One thing suburbs have going for them is lots of fairly cheap land that could be used for food production.  Let’s face it: farming isn’t exactly a lucrative enterprise and land for urban farms and community gardens is constantly under pressure from the urban real estate market and property development.  Until society chooses to value wholesome agriculture and uphold its place in our communities, farming will by and large continue to be relegated to the cheapest, most marginal lands further and further out from the center of human culture… as if agriculture can be divorced from culture.  Besides encouraging the conversion of every lawn to food-producing gardens, other ideas we came up with for “greening” the suburbs included: creating pocket markets for the swapping of goods, crafts, or produce between neighbors; weekly or monthly street closures for music and arts festivals to bring people out into the streets; creating community kitchens; using permeable surfaces for parking to increase rainwater absorption and mitigate flooding by run-off; using old rail-road rights-of-way for walking and biking paths; adding bike racks; getting schools involved in gardening; planting fruit and nut trees in the boulevards; reforesting vacant land; painting traffic-calming street mandalas a la Portland; creating space in local strip malls for a local-only store, micro-loan credit union, and co-operative where residents can rent space.  I’m sure I’m forgetting some, but you can see from this list alone how many low-hanging fruits there are to start greening the suburban landscape.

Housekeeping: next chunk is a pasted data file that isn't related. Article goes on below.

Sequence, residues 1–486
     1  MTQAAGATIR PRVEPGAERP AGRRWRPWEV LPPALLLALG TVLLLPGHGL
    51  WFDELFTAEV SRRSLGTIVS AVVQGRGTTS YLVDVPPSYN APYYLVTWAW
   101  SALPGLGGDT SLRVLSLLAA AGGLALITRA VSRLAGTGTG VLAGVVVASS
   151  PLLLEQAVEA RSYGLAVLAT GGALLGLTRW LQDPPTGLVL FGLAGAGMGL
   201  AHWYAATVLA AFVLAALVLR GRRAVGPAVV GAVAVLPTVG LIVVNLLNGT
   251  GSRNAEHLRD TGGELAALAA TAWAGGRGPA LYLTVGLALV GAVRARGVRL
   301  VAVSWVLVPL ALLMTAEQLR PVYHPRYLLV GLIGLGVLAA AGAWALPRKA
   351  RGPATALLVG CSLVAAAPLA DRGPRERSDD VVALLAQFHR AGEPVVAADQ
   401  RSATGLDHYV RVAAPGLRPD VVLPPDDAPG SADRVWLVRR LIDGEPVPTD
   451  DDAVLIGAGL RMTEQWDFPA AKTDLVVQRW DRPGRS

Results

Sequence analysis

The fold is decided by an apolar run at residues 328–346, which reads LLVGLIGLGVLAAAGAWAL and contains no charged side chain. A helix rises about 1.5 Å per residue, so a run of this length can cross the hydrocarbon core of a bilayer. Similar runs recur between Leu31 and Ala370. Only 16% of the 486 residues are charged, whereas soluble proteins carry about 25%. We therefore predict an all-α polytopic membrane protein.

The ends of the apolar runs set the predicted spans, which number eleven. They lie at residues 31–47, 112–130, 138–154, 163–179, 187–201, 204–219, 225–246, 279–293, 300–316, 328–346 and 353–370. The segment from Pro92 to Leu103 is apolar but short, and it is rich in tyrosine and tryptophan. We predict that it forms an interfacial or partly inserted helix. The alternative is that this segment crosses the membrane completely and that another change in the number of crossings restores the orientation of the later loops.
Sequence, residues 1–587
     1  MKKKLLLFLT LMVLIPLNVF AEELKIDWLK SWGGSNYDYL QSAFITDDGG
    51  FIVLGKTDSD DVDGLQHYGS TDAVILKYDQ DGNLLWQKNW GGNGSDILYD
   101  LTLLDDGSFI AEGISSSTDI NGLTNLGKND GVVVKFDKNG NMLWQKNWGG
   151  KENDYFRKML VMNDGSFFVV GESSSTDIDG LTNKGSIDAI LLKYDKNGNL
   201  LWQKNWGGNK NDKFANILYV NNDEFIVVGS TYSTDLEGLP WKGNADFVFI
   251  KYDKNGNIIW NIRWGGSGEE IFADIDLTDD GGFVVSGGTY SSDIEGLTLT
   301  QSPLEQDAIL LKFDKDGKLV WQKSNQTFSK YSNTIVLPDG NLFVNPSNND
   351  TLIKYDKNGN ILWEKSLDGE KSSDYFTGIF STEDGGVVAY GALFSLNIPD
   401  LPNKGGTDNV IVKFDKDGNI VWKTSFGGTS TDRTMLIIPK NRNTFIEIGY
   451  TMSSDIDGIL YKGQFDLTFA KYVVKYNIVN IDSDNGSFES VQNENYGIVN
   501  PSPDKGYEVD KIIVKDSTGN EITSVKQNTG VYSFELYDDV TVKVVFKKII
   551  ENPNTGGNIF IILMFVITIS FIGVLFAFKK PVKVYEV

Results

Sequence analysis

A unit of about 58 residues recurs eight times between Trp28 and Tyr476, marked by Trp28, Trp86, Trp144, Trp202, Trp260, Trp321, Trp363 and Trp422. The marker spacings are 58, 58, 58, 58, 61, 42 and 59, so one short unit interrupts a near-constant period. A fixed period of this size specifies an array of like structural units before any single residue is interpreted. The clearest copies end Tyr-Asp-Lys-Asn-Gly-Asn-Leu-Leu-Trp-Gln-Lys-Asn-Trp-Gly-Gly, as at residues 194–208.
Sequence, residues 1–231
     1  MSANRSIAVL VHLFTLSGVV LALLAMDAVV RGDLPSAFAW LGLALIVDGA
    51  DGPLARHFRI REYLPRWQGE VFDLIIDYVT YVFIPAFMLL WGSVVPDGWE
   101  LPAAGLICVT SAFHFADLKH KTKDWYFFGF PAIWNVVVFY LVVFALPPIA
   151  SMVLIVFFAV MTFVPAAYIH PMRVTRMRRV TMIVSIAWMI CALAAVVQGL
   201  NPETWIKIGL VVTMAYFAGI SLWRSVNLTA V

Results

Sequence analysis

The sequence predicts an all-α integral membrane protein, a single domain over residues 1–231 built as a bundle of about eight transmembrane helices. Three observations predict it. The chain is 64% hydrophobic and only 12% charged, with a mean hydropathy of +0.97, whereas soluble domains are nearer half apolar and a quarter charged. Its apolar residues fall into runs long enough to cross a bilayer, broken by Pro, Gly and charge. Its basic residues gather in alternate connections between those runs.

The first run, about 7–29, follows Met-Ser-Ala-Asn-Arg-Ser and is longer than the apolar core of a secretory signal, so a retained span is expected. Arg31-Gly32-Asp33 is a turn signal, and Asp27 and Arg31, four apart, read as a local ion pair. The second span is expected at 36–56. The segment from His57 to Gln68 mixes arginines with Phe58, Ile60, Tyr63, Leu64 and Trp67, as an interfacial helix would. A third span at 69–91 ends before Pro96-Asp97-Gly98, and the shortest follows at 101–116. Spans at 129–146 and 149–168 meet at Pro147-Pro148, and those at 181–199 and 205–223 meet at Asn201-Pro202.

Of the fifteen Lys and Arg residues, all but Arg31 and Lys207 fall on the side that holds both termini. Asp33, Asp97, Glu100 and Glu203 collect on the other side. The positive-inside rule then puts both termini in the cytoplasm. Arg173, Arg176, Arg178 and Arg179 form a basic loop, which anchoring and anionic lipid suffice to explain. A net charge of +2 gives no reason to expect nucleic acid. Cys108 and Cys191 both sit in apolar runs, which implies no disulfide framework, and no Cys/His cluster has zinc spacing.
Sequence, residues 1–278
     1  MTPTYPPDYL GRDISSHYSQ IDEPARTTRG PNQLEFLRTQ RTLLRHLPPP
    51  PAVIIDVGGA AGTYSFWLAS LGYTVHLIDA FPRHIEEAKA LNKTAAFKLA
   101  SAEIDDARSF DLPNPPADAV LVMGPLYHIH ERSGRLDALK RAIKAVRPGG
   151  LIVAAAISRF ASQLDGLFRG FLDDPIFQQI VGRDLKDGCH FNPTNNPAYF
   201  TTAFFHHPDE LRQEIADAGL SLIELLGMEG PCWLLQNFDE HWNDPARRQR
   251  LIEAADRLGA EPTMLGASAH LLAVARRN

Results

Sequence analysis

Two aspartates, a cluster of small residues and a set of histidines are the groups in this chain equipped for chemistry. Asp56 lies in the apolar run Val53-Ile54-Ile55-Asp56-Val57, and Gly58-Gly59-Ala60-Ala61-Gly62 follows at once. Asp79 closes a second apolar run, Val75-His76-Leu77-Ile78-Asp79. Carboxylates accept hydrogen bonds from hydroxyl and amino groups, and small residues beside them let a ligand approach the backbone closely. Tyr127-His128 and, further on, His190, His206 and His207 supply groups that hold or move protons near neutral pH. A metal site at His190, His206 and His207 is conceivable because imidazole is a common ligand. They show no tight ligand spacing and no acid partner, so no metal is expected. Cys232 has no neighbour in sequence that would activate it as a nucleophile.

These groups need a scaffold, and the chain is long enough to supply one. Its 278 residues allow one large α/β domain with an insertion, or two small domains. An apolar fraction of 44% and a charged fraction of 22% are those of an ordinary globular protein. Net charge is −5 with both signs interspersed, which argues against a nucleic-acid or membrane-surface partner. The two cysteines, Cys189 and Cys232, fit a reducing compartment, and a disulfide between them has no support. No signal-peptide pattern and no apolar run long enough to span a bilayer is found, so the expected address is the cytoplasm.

While the class went back to Cottonwood Community Garden to compare it’s permaculturally master-planned lay-out with the more organic (no pun intended) flow of Strathcona Garden, I had to rush home to nurse Henry down for a nap.  I got back just in time to caravan to the next location, SOLEfood Farm on the Downtown Eastside where our lovely hostess, Sara Dent, runs an urban PDC course.  A group affiliated with the organization United We Can started this inner-city farm in 2009 on property leased from the Astoria Hotel next door.  It consists of dozens of long and narrow raised beds on an old parking lot.